Examining my conscience evokes complete condemnation of myself.  So as I reread this I have to remind myself of the second part of the process which is not just condemnation and despair but hope and reconciliation , ” cleanse and purify it as best you can by true contrition and a humble confession. Thus, nothing grievous will remain in you and you will know of nothing that could cause you remorse and hinder your free access to Me.” I am aware of my many failings most specifically my lack of ability to prioritize and do that which is important and to instead constantly allow the distractions of this world to command too much of my attention. I am lazy to follow through with my good intentions and this lack of resolve and action leave me feeling worthless and not good enough. 

    I think my ultimate challenge is to accept and focus on God’s Mercy.  Prior to this diagnosis I found myself drawn to the image and devotion of Divine Mercy.  My first awareness of this was during my Cursillio weekend about 2 years ago.  I have felt this devotion calling to me first as I approached and examined my attitudes toward others who challenge me by their actions toward me and those within the family who have rejected faith and whom I in my own pride tend to write off.  I have been challenged to understand God’s love and mercy for all his children and to seek to emulate it.  I find that I also need to remember that this Mercy extends to me and that although my sins and failings are detestable God’s love for me is always there and so I should not allow despair to take hold of me but instead to readily turn to God with the confidence that his love and mercy abounds waiting to welcome me home. 

    Writing this has brought peace to my heart.  Thanks for the inspiration.  Please pray for me this week as I will be undergoing a number of appointments in preparation for beginning chemotherapy which I expect will begin next week.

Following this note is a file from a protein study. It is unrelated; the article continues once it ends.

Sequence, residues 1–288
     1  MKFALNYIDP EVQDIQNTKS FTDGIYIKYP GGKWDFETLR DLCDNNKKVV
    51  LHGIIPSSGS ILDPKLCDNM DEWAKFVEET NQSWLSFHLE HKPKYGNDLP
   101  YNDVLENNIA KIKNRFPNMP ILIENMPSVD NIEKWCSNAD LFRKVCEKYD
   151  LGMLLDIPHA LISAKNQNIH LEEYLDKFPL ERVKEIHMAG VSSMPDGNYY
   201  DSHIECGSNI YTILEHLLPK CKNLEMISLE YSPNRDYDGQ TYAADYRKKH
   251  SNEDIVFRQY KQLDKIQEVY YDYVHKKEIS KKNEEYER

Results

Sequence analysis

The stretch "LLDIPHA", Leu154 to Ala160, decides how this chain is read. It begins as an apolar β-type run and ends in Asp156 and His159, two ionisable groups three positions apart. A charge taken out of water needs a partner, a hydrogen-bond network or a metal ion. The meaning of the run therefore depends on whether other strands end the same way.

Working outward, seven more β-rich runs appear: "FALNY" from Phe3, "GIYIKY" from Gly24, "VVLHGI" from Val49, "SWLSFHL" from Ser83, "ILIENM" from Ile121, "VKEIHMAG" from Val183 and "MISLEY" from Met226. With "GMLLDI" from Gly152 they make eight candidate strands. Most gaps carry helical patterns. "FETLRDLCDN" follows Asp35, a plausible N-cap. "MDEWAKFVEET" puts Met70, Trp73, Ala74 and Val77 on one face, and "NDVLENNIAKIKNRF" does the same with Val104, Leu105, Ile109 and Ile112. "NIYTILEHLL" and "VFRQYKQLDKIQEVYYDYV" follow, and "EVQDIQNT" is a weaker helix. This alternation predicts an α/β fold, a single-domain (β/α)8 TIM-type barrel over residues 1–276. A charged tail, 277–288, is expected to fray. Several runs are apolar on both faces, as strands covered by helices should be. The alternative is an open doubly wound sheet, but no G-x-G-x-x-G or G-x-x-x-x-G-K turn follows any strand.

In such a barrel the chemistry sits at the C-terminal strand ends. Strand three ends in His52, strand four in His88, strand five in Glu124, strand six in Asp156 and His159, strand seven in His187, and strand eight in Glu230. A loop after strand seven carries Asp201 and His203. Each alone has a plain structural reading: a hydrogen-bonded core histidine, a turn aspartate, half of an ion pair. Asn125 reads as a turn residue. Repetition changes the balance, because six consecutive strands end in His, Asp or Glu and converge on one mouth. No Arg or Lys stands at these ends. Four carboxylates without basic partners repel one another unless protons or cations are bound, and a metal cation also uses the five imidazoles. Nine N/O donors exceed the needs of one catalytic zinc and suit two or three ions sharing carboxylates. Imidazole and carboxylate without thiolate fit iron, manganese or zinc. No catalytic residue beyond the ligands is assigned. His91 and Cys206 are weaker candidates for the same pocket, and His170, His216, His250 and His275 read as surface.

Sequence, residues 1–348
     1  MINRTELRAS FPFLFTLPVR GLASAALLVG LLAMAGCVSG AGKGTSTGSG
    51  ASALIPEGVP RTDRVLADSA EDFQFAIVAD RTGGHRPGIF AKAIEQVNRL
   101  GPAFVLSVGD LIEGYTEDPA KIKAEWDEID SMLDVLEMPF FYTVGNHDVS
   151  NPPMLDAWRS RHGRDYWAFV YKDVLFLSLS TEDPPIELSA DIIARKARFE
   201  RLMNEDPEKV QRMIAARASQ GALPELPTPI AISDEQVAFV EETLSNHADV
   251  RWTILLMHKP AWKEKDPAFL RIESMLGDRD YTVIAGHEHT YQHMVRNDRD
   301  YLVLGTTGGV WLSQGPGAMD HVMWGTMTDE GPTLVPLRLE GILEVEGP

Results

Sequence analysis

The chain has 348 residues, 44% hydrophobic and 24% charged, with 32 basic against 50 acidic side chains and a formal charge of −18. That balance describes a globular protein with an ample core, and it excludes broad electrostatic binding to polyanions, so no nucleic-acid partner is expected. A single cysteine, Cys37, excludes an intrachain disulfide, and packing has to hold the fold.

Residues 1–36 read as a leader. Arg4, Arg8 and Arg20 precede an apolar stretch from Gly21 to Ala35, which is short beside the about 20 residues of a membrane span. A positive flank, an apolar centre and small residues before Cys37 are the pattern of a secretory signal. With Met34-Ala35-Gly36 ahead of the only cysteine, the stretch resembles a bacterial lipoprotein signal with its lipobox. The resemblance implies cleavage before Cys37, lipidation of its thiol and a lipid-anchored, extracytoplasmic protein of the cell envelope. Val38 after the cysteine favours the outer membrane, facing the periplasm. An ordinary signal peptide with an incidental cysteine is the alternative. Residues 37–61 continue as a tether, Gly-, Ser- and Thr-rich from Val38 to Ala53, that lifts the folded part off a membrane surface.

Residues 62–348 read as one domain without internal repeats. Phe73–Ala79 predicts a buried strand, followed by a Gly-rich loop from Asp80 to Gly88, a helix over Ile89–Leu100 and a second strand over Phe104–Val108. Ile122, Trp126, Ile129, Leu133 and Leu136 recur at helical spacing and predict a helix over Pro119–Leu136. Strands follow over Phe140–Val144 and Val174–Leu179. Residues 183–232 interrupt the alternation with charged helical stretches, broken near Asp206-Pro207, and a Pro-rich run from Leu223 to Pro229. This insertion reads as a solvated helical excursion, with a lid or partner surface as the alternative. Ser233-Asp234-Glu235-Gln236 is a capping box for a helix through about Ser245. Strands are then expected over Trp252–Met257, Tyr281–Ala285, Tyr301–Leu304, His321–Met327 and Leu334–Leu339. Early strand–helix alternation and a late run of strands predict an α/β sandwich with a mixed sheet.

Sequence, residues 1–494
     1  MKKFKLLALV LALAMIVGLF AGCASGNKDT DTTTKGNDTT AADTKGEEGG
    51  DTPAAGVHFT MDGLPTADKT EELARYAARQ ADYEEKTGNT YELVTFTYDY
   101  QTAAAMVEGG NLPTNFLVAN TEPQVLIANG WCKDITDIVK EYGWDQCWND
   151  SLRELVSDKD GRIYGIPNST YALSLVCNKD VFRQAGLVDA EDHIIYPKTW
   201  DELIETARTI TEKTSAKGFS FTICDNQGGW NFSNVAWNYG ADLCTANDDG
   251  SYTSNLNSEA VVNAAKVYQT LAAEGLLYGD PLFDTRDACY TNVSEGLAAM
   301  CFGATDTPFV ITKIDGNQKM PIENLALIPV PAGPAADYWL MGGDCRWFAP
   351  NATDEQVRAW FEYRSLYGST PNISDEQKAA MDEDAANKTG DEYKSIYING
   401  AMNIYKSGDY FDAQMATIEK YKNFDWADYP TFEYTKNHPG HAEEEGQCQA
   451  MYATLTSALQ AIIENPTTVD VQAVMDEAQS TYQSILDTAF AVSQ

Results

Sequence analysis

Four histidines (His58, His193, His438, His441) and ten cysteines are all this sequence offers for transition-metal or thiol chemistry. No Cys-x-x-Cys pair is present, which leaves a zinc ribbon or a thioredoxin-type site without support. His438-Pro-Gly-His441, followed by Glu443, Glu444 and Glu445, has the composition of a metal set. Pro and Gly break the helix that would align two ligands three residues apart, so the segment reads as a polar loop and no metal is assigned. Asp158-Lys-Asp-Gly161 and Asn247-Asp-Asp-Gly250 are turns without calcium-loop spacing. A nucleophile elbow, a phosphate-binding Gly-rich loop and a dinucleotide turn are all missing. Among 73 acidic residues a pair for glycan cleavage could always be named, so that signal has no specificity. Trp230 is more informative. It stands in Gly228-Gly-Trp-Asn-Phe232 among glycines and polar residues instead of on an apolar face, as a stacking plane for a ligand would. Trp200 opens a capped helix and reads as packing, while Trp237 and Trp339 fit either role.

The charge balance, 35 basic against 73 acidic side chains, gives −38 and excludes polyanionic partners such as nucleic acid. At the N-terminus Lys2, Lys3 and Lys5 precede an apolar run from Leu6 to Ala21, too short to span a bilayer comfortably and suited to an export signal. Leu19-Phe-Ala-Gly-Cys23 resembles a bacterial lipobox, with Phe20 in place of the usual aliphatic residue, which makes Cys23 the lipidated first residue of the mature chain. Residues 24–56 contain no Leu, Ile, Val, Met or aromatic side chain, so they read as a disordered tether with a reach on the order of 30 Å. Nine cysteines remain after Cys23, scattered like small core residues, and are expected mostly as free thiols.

• Vicki

      Dear Victoria, Your post is filled with wisdom and insight – no doubt The Holy Spirit is already doing great work in your soul.  I heard Father John Riccardo talking about suffering the other day – I’ll include the link – and he does a great job of explaining how it can have purpose.  Perhaps it will help you as you go through this process.  Certainly you’ll be in my prayers daily.

    • BeckitaMaria

      Changing my usual pattern, I didn’t take time to read others’ replies before I shared my own. Your words about God’s love and mercy especially resonate with me. As Vicky said, you you write with wisdom. Thanks so much for sharing and please be assured of my ongoing prayers for you.

  • BeckitaMaria

    In this examination of conscience, and in all areas of sin, I especially connect with a Kempis’ exhortation: “If time then allows, speak to God in the secret mansions of your heart about the miseries your passions cause you.” For me, this is precious advice. As one who has been granted beau coup healing from abuse (Thanks be to Jesus!), I have some vestiges of shame and I wait in joyful hope for complete freedom.

    Therefore, as I convict and am convicted in my soul of my many sins, I must immediately join St. Mary Magdalene in throwing myself at the feet of our Redeemer. It is here where I recall the many powerful and tender words, spoken by Jesus to mystics thorughout the ages, of how He understands the fragility of our humanity and assures us of His merciful love. It is here, while remembering His holy words of Scripture telling us He has removed our sins as far from us as the east is from the west (Psalm 101:12), that I gain courage to meet Him, again and again, in His Tribunal of Mercy.  It is here where I hear His personal and gentle words to me that allow me to get up and continue carrying the cross of my own humanity.       

    My beloved Fr. Jacques Philippe says, “The human heart is certainly an abyss of misery and sin, but God lies in its depths.”  Blessed be God’s Holy Name and His bountiful mercy! 

    • Vicki

      Beautiful quote!  Thank you.